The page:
I’ve had a break from my career. It was more of a test the water break. I took a year out in the past and enjoyed every minute and it rejuvenated me for a while. It helped me see what I did and didn’t like about working in new-media, how I fancied a change and that, to some extent, my career had run it’s course.

On this break it was about trying out other things. Looking for what was out there and seeing what I wanted to do. The job I’m currently doing, all that setting up stuff for those international stars, was a temporary job that was carefully selected as it might stir up some ideas about working in another industry. It certainly did that and although it was never going to be a long term thing, and I enjoyed it for the most, it was also underpaid with an undercurrent culture, in certain parts at least, of racism, sexism, homophobia and drugs. So while I’m certainly looking to move on it also told me one important thing, I cando something else and there areother things I can do that are interesting and motivating. Christ, anything that can get me working through the early hours of the morning on an eleven hour shift must have intrigue.

I’m a realist. Some finances are just so high to reach for some dreams but I know some dreams do come true. Plenty have for me, some small, some life changing, and very few came my way without making them happen, taking a chance, grabbing onto them and not letting go and they usually fore-fill more than the dream but just in a different way. May be I should just make more things happen. May be there are certain plans in my life that need trying.

Until next time.

Hannah x

Too Settled

It was just a film where the protagonist walked out onto the balcony of his luxury old building apartment in the morning with a vista and vibrance of the city. So busy and full of promise you could taste the coffee in the air. It’s been ten or fifteen years since I lived in an apartment and suddenly it had hit me that I might just be settled – too settled. I’ve thought recently how I couldn’t imagine going back to the city and an apartment with it’s space seemingly reduced by clothes drying on a stand, noises from above below and the sides and it’s restrictions of strictly no pianos. This film though had made me question, at least for a short moment, had I settled too much.

Of course when I look at that scene it’s the excitement of a living city I miss rather than the abode. The difference is instead of being able to walk out onto a balcony in the evening and soak up the noise of the city and people almost always around, in the house I can lay on the decking with the darkness of the countryside and watch the stars in full panoramic view. The city where sparrow hawks and buzzards are replaced by seagulls and discarded hamburgers. It seems to be yet another fork in my life where I question, just for a moment, whether I continue in one direction or switch to another, even if it’s something I’ve done before. Both are inspiring – just in different ways and are always what you make of it. Should it just be one or the other though?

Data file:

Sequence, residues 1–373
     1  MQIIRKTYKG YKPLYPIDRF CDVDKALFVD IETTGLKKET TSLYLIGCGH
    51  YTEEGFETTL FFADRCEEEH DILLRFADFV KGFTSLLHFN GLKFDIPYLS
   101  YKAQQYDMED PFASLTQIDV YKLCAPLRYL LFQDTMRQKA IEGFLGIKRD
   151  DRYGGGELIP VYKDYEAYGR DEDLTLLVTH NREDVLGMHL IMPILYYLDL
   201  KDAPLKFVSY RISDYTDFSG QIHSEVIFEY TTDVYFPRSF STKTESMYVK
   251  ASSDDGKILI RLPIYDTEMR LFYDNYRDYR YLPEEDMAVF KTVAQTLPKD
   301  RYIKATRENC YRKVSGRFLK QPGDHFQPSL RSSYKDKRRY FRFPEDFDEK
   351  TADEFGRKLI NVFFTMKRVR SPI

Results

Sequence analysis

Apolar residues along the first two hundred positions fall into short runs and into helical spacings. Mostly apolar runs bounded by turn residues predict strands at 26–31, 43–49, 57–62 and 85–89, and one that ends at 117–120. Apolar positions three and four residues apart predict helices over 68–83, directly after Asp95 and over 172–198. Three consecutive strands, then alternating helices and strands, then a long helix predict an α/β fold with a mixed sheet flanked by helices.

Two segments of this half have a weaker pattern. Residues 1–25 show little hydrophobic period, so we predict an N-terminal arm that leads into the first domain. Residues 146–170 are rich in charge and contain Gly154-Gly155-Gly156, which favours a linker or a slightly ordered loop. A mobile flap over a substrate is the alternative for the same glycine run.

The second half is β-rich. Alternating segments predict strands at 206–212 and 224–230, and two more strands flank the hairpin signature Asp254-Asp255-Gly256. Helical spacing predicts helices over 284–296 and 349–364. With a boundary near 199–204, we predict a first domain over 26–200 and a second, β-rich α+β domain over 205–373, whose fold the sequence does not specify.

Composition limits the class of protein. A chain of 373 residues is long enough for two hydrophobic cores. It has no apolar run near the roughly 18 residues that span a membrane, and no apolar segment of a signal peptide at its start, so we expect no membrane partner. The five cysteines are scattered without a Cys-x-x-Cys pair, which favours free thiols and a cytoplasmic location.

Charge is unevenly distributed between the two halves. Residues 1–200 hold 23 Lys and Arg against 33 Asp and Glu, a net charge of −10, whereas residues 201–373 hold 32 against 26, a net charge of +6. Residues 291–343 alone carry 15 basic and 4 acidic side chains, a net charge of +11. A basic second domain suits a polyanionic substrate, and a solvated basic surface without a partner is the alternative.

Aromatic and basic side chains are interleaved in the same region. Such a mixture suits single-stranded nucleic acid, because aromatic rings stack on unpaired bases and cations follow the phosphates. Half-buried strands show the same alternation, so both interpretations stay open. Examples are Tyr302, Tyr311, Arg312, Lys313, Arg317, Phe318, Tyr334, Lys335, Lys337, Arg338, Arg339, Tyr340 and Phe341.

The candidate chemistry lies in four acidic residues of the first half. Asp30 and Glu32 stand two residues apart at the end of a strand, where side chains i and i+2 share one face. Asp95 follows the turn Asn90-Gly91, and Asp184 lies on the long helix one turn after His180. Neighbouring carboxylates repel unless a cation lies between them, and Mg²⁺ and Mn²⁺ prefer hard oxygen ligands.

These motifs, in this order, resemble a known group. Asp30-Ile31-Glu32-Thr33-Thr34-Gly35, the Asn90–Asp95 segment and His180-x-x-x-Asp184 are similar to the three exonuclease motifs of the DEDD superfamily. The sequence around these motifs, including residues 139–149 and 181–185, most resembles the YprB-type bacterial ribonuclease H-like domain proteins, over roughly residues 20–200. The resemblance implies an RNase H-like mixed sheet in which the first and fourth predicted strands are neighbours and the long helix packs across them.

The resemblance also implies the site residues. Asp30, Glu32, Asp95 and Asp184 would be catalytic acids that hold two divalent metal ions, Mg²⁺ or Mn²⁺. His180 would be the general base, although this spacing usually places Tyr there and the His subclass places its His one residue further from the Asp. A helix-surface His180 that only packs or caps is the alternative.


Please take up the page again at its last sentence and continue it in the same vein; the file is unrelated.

I took a temporary job a few weeks ago on a whim of interest and in the hope to at least take the sting out of dwindling finances and an increasing credit card balance. Comfort decorating and packing up for international stars. I saw another world where one minute I’m arranging a dressing room for a double-platinum awarded celebrity the next I’m walking along a quiet city street back to the car wondering if that really just happened.

I had a telephone interview for a new-media job. In my financial desperation I had applied left right and centre to get back to the industry, which I had left behind last year, which would make me comfortably well-off again without the need to worry about enough money for the rent and whether I should downgrade my tinned tomatoes any further but just as he started talking acronyms and personal development I suddenly felt uneasy. I thought for a moment, ‘how on earth would I handle this.’ While he spoke a thought flashed in my head of being sat at a desk, immobile, staring at a computer screen with the murmurer of other people in an office and the clock ticking down the seven or eight hour stretch with the hour hand holding back the minute hand and the second-hand bouncing on the spot like the battery was in it’s last throws of death. It was a far distant quiet monotony away from hanging velvet drapes and moving a chesterfield leather sofa so an A-list rock star can feel comfortable for a couple of days soaked in incense drenched air. This was a real fork in the road. One big bright letter Y shouting clearly in a thick American accent, “This way or that? Wadaya want!”